Medically reviewed by:
Beth Salcedo, MD
The Ross Center for Anxiety and Related Disorders, LLC
Washington, DC 20015
Patients having an MRI (magnetic resonance imaging) test must lie very still for 30 to 60 minutes, often enclosed inside the machine's tube. Because of that, the most valuable piece of equipment in MRI testing often isn't the multimillion-dollar scanner. It's something that costs far less—the headphones that many centers put on patients so they can listen to their favorite music while undergoing the test.
The music makes time seem to pass more quickly and enjoyably. It also serves an important health function by lowering stress and reducing anxiety.
A 2013 review of scientific studies of music notes, "The notion that 'music is medicine' has roots that extend deep into human history…." Although it's an old idea, there has been little solid research to back the scientific claims that music influences health.1
The researchers from McGill University examined studies looking at the neurochemical changes caused by music. They found that much of the research had limitations and produced weak evidence, but studies did support some solid health benefits:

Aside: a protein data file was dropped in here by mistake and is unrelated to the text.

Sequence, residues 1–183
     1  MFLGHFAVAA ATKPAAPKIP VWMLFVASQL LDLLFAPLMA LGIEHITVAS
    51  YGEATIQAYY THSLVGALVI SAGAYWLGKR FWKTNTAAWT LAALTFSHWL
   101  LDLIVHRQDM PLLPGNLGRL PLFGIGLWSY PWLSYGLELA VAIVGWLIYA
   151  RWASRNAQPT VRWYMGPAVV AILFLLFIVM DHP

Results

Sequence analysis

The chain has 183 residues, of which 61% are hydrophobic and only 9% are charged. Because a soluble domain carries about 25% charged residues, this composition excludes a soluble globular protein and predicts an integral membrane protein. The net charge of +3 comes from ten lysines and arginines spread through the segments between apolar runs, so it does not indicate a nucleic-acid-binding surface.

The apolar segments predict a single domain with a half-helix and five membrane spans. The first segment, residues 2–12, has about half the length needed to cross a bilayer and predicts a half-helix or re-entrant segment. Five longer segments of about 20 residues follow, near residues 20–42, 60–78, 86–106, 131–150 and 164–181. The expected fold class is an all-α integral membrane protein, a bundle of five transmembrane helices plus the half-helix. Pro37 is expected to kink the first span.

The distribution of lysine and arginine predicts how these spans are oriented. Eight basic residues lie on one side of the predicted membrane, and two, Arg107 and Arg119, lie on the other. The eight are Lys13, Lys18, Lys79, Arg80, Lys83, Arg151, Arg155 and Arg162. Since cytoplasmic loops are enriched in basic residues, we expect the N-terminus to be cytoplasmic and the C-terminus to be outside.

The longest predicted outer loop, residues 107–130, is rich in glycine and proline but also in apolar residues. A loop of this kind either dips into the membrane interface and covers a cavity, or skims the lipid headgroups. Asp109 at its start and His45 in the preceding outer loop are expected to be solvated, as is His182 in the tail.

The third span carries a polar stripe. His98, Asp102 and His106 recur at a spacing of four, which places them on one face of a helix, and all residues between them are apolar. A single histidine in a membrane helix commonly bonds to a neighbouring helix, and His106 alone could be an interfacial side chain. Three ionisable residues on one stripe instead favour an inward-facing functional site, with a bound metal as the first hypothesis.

- Music can reduce stress, protect against disease and manage pain, similarly to some other lifestyle choices.
- Music can help regulate heart rate, pulse, blood pressure, body temperature and muscle tension.
- After surgery, listening to self-selected music may lower endocrine stress responses during recovery.
- By reducing stress and improving mood, music may enhance the body's immune function, which can lessen the effects of aging.
A 2015 study from the University of Montreal also shows that singing is the best way to soothe cranky babies, keeping them calm five minutes longer than baby talk. Because music can calm both adults and children, the findings suggest that singing or playing music for cranky babies could help prevent child abuse among at-risk parents.
More studies are needed to determine the specific effects of music on health. Research may eventually show that music is no more effective than other forms of distraction or mood enhancement, such as watching a movie or walking the dog.
But, one thing's for sure: music is convenient, inexpensive, natural and easy for anyone to try.
Whether or not you can carry a tune or play an instrument, you can benefit from the power of music. Sing out loud at home, in the car or with a group; take a music player along when you go for a medical test or procedure; and remember to turn on your favorite tunes when stress intensifies.
Your body and spirit will feel the difference.